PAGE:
Let us take this matter in two distinct steps. Is the assertion of cold-blooded murder true or false? This and this alone is the primary factual issue that overrides everything else in importance. The conflict between Fonseka and the Rajapakse brothers, electioneering, these are ethically and legally irrelevant; the truth or falsity of the alleged cold-blooded shooting is of primary import. It is so serious a matter and emotions are in overdrive, so there has to be an investigation with international participation. Presidential Commissions have become such shams that only unimpeachably respected international participation can restore a modicum of credibility.

The second step follows after that. Fonseka’s opinion that no international law was violated is tendentious; his personal involvement is implicit and he has an interest in the outcome. Once an independent investigation is completed, if it is found that there is prima facie evidence of indictable offences, there must be prosecutions. None of this should be prejudged, that would be wrong. All persons, if any, held indictable must be prosecuted – Generals, Defence Secretaries, even Heads of State; there is no indemnity for war crimes.

The terms of reference of the investigation must include a probe of alleged LTTE war crimes; it must not be confined to a probe of the state. This may seem pointless if possible offenders are deceased; not so, moral responsibility must to be assigned, even posthumously. Let us take a cool-headed, mature, unemotional approach to alleged war crimes, whichever political party or presidential candidate one supports or what community one belongs to. There is no alternative if we want to be a civilised nation. Sivaji could not be more right than to demand a probe, on behalf of his people, into this and allegedly 50,000 other deaths, but he needs to extend the scope of his demand to include alleged war crimes by both sides.


Mucking around with the 13th Amendment, plus minus or zilch is getting nowhere; 13A has become contentious for the way in which it was enacted as much as for what it says. A new constitution needs to be written making 13A, in its locale as an amendment, irrelevant. Why should the national question be confined to an amendment? Decentralisation in general, and the devolution of power to address minority concerns, are aspects of the balance of power between centre, regions and minorities; they are central to, and must be located in, the heart and body of the constitution. There is near universal agreement that the executive presidency must be abolished or muzzled, that the existing proportional representation system must be discarded, the 17th Amendment enforced and a slew of other changes made. Clearly, a wholly new constitution, bottom up, has to be drafted incorporating a new structure of power with the national question uppermost but not the only issue to be addressed.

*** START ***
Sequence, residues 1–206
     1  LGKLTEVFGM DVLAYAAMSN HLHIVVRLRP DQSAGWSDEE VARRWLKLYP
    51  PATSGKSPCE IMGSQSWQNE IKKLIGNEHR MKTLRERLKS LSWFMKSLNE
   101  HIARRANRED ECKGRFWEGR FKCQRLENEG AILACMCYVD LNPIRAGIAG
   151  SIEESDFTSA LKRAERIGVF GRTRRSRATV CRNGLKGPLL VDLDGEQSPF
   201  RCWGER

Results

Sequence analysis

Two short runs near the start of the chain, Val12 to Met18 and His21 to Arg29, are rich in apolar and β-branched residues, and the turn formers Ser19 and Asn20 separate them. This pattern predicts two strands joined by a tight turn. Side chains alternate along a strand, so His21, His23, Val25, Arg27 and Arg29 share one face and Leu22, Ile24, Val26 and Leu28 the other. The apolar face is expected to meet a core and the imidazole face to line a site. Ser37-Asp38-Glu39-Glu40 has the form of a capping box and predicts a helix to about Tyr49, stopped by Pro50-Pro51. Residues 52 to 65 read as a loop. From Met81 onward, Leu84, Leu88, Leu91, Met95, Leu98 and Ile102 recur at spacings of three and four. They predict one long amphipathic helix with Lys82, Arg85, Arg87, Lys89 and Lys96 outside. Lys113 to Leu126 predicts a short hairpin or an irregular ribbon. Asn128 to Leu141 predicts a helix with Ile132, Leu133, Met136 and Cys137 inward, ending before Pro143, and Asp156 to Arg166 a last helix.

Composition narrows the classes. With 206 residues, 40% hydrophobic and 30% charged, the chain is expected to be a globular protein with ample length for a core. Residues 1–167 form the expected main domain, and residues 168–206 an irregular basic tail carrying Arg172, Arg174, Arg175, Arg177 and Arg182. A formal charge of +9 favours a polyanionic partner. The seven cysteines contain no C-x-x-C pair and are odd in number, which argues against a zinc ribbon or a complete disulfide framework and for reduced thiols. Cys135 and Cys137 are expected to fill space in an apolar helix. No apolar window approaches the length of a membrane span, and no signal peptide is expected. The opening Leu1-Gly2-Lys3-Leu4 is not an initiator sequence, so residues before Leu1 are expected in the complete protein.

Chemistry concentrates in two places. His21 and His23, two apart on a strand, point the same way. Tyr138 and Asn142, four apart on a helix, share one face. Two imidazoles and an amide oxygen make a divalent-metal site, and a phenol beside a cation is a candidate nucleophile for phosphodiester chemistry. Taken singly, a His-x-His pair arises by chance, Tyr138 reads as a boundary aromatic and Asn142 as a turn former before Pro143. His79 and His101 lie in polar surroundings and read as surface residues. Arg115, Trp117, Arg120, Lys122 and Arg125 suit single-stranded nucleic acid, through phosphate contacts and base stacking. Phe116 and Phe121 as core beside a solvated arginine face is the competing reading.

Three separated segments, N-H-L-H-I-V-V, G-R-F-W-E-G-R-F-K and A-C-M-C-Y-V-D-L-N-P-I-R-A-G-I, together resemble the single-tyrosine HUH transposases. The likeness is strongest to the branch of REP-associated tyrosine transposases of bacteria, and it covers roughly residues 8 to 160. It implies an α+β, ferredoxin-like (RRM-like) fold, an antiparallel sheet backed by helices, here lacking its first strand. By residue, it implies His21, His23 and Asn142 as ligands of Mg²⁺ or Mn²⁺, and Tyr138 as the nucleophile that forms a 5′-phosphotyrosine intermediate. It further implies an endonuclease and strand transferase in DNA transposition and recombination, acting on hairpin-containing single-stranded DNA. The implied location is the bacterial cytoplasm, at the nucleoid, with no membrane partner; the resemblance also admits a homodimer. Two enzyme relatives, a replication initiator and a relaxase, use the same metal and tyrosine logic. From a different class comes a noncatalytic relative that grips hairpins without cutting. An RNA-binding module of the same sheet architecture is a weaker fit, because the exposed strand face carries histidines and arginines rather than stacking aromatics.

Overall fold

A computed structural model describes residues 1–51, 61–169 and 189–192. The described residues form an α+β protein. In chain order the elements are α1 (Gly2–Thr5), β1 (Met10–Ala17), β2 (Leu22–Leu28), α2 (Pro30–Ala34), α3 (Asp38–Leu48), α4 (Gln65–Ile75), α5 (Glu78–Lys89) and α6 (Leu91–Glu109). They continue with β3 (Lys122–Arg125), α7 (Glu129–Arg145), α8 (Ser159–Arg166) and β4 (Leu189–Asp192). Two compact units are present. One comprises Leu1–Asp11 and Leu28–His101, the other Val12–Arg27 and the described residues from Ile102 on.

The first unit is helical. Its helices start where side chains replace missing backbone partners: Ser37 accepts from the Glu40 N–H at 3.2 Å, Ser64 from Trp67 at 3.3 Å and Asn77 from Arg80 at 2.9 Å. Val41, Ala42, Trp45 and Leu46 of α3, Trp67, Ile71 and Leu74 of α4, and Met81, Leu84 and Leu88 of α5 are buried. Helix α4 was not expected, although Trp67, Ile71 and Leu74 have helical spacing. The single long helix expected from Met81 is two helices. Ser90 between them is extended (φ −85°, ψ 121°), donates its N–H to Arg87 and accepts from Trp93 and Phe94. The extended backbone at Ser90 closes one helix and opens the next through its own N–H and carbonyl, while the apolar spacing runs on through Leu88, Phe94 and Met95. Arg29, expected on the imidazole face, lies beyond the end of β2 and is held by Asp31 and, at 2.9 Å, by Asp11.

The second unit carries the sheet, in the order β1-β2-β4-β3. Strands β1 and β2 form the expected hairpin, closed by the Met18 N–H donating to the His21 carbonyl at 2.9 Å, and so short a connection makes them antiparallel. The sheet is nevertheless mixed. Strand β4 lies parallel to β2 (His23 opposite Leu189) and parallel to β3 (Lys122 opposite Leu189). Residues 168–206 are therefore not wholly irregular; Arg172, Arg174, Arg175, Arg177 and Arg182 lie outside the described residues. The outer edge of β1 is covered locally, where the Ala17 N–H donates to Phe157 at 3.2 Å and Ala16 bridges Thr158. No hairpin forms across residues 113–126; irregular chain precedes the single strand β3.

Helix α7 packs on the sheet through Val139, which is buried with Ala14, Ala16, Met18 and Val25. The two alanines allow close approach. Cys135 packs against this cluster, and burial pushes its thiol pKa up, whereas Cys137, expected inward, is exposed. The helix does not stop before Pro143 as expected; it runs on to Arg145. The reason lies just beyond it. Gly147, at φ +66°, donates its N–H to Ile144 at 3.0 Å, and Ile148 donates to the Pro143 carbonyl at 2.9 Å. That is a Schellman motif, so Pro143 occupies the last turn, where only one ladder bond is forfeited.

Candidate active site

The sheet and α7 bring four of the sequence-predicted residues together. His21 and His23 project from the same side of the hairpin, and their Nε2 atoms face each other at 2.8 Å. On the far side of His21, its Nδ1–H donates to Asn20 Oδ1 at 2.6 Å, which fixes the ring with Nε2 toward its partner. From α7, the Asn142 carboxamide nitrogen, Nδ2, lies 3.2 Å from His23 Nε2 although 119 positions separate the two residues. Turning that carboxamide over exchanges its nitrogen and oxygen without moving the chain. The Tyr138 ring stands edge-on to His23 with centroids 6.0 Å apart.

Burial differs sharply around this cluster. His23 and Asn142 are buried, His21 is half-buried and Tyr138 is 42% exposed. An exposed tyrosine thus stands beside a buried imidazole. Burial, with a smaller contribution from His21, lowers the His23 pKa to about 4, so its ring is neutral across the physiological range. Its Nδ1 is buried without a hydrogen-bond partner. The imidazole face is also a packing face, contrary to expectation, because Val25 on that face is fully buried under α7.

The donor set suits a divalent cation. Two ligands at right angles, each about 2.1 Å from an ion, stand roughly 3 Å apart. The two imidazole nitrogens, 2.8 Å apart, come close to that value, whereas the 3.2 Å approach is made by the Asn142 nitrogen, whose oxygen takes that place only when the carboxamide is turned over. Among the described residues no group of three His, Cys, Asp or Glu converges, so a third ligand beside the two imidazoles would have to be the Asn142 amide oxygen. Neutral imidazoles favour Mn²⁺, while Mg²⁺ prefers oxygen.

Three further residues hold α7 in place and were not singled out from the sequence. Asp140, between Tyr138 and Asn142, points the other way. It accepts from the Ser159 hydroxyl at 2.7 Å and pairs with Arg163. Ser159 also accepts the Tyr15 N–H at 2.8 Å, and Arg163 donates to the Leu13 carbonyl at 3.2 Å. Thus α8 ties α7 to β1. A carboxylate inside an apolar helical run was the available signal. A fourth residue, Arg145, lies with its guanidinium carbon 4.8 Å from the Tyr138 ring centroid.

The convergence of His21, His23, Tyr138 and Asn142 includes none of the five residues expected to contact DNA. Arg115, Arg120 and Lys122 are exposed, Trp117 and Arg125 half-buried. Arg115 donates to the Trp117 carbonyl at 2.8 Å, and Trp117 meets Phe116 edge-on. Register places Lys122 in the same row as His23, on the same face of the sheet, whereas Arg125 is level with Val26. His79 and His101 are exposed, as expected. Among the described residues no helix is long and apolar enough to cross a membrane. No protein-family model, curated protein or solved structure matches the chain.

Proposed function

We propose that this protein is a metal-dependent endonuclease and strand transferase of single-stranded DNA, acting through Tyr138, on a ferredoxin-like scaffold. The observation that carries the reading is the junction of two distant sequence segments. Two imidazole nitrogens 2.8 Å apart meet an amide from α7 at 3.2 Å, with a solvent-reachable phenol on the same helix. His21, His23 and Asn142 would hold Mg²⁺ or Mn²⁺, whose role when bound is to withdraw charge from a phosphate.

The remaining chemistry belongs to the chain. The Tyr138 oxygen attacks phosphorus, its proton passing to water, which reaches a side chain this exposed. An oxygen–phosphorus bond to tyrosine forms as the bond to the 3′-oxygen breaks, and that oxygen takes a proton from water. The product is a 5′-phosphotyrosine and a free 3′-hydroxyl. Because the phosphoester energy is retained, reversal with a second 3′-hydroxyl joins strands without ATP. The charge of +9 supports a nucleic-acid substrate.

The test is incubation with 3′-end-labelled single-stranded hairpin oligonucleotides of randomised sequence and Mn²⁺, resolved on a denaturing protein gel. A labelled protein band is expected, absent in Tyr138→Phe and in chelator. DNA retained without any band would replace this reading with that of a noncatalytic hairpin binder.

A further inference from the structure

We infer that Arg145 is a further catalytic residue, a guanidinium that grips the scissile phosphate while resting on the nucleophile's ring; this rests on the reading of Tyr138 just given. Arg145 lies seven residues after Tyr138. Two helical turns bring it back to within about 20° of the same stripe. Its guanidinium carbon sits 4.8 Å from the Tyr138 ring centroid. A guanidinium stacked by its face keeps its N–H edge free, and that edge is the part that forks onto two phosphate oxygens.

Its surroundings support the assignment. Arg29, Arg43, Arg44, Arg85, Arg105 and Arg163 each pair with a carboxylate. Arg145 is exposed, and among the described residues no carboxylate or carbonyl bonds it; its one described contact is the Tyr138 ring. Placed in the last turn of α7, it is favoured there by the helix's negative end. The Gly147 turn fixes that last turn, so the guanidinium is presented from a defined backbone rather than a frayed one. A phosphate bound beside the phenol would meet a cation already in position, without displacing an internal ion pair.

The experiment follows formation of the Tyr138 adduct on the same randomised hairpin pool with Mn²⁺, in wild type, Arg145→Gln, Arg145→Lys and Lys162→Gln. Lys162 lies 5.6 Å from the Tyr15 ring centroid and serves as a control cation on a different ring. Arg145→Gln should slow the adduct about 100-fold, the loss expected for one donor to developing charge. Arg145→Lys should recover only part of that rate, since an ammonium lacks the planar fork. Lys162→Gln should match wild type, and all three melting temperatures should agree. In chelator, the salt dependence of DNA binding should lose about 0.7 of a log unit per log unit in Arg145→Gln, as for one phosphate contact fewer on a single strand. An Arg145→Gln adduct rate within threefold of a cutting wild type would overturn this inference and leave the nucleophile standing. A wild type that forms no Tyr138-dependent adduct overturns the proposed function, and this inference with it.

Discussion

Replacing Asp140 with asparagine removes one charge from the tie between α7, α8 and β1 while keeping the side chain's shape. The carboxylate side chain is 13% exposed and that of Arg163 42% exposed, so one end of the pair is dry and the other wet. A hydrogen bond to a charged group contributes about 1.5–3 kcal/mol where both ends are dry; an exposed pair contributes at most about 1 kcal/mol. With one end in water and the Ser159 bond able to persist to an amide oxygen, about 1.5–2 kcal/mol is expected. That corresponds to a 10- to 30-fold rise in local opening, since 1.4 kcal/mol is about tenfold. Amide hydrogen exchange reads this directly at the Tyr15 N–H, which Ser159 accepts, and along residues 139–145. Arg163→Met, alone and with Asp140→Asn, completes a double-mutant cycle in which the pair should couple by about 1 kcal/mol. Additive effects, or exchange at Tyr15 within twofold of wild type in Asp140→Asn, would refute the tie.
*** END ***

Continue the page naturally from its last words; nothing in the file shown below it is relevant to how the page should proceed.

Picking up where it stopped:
I am in agreement with Sivaji that the federal option is the best. A group at the Centre for Policy Alternatives (CPA) led by Rohan Edirisinha and Asanga Welikala has done essential theoretical groundwork and the material is accessible in books and scholarly papers. Without detracting from the quality of this work I raise two concerns, the number of federal units, and asymmetrical rather than symmetrical devolution. The CPA group has retained a putative eight-unit federal model (one Tamil unit plus seven others) based on Sri Lanka’s nine provinces. I understand but do not agree with their reasoning, which is that to try to change units, merge provinces, or shift districts around will end in dispute and failure. But, federalism envisages substantial autonomy and an eight way split of so much autonomy in a small country will be a mad-hatters tea party. There has to be just one Tamil unit consisting of the whole of the North and still to be demarcated portions of the East. A new delineation of the rest of the country, limited to just two, or maybe three at most federal units needs to be worked out.

Asymmetrical devolution

In conversations, the CPA group concedes the logic of an asymmetrical relationship; that is the centre relates to the Tamil unit differently from its relationship to other units – be they three or eight. Asymmetry in inter-unit relationships, in so far as the Tamil unit is concerned, is also necessary. However the CPA group is reluctant to formally support the concept of asymmetry. They opine, "It is too complicated to sell; the devil is in the details; there will be so much opposition to an asymmetrical package from stakeholders that the exercise will flounder". My view is that the political relationship between a putative Tamil unit and the centre, and the relationship between this unit and the other ("Sinhalese") units, will need to be different, from the relationship between these units and the centre, and the relationship among these units themselves. The UK (England, Scotland, Wales, Northern Ireland) arrangement is radically asymmetrical and the EU is also a supra-scale asymmetrical relationship between confederate states; all to accommodate diversity. Sri Lanka must construct its own asymmetrical model sui generis, but learn from elsewhere as need be.